3. Lieutenant Governor Dan Patrick tests negative for COVID-19
Lieutenant Governor Dan Patrick no longer tested positive for COVID-19. According to his campaign, he tested positive last Saturday and had mild symptoms. On Friday, the campaign shared by Patrick tested negative and has no symptoms.
Economist Ray Perryman, Ph.D.: The United States is not in a recession
This week GDP, gross domestic product, fell for the second quarter in a row. By the standard definition, this negative growth in the US economy signals a recession. But some economists say that is not the case for the United States right now.
Ray Perryman, Ph.D., economist, president and CEO of economic research and analysis firm The Perryman Group, joined KVUE to explain why.
Ashley Goudeau: There’s been a lot of talk about the big R-word this week. The head of the Federal Reserve says the United States is not in a recession, at least not yet. The White House has echoed this message that we are not in a recession, but some Republican politicians, including Governor Greg Abbott, say we are. You are an expert with over 40 years of experience in this field. What are you saying?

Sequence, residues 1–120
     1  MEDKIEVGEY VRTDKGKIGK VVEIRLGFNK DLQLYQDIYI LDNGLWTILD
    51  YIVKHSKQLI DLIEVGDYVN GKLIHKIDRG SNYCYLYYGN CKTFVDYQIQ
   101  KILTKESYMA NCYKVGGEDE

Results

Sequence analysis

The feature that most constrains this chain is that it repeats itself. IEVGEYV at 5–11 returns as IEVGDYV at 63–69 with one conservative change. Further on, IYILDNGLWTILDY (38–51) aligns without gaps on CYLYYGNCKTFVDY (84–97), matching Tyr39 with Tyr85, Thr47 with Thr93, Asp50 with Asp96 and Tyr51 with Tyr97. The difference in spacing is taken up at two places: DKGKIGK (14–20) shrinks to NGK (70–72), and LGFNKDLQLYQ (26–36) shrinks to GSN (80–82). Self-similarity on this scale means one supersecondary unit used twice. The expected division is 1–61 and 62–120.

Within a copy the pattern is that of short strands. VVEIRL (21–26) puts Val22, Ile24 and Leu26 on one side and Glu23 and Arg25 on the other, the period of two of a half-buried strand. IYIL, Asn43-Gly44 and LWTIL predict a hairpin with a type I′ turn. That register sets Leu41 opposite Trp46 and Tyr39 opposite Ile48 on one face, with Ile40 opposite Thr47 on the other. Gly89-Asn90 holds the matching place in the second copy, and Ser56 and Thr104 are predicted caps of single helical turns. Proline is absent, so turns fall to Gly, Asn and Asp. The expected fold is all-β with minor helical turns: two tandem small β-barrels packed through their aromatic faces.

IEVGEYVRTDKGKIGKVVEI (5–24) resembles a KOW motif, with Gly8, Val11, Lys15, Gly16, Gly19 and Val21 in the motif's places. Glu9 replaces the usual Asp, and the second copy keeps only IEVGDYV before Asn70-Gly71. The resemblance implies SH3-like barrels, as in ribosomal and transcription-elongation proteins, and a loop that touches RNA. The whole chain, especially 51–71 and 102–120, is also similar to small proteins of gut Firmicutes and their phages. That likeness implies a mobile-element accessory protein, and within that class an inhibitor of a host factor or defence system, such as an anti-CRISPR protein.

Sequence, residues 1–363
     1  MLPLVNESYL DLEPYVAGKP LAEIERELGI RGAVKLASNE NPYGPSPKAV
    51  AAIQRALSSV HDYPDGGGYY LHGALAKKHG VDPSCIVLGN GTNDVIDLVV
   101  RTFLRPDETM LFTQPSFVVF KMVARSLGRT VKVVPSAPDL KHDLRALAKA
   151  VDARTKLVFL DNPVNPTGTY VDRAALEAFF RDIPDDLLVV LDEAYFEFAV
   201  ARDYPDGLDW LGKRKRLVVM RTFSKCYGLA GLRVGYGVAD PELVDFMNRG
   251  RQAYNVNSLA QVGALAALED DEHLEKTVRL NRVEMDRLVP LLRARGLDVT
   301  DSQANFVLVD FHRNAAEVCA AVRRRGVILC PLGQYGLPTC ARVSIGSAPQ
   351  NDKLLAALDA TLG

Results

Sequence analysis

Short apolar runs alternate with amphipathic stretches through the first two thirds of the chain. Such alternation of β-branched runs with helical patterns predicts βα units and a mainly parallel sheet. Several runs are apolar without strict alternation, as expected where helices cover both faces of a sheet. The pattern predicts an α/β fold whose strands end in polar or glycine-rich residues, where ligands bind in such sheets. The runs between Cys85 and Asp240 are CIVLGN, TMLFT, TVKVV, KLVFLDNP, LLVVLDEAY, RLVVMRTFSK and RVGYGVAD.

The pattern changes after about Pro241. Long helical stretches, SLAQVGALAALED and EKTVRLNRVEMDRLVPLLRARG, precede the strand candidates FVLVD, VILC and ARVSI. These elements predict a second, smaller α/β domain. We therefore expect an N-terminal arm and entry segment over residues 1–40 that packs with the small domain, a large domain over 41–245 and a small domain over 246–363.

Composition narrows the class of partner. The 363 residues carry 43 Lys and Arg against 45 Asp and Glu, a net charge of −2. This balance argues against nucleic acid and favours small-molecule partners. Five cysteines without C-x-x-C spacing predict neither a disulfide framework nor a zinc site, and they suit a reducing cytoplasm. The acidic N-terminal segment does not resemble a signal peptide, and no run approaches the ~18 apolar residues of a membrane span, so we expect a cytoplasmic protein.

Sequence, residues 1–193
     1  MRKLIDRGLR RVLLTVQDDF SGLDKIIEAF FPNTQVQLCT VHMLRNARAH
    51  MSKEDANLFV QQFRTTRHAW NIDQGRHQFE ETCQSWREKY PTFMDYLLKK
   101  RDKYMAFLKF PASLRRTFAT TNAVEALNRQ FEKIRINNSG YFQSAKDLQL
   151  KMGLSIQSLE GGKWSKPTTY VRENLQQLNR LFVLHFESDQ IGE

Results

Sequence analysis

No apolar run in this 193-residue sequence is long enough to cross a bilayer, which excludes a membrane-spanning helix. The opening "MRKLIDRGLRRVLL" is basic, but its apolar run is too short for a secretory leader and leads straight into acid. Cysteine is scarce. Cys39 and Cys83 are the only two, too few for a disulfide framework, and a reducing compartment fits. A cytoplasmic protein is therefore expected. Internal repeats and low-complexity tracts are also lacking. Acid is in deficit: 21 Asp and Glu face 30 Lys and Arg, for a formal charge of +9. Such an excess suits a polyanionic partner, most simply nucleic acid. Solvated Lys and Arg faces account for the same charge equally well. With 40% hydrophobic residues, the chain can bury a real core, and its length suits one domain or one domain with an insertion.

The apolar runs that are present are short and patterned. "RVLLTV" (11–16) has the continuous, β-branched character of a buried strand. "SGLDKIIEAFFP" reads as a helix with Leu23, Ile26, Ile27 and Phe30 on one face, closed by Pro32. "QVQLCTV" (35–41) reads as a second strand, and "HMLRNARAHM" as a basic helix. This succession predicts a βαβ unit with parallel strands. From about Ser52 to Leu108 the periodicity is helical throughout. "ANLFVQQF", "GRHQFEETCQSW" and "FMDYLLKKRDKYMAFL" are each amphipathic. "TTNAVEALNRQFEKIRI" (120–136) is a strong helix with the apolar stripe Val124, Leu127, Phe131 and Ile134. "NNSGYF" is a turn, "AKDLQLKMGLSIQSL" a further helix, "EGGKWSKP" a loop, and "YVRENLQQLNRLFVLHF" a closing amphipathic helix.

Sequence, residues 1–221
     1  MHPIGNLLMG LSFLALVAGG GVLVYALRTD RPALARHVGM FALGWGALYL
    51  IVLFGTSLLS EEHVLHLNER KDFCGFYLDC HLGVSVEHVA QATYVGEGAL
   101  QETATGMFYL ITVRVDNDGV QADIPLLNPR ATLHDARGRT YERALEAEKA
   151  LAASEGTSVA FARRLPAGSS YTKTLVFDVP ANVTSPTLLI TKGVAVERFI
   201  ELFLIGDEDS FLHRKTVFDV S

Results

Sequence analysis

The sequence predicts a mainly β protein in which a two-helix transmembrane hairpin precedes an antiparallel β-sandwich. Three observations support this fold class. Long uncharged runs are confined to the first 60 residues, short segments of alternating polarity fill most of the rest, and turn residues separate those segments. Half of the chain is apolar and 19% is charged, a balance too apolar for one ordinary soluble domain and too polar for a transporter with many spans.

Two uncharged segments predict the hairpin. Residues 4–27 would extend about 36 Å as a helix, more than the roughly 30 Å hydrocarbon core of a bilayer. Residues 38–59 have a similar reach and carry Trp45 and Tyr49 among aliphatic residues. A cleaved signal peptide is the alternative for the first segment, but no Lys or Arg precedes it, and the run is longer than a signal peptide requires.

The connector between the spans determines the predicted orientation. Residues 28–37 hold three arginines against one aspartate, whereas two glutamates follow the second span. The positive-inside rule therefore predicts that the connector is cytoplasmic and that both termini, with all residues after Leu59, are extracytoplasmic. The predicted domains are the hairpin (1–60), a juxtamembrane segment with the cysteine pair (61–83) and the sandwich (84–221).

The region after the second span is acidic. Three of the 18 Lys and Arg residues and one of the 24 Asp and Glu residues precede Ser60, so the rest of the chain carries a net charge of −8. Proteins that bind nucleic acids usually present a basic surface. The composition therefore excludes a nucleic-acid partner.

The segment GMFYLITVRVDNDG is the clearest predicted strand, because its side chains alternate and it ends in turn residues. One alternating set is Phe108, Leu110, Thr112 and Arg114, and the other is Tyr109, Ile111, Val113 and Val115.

Ray Perryman, Ph.D.: “I really don’t think we are. We saw the numbers this morning. Gross domestic product is now, has now declined two straight quarters, which is a definition that people sometimes use. But the previous quarter was mainly due to the unloading of some boats. We brought our imports up and solved some supply chain problems. You really are not in a recession when you gain 400,000 jobs a month. And so I think we definitely have a lot of headwinds in the economy. There are a lot of challenges right now. From an individual point of view in your own life, it doesn’t matter whether you call it a recession or not. But we we’re not seeing the kind of things you typically see in a recessionary economy at this point.”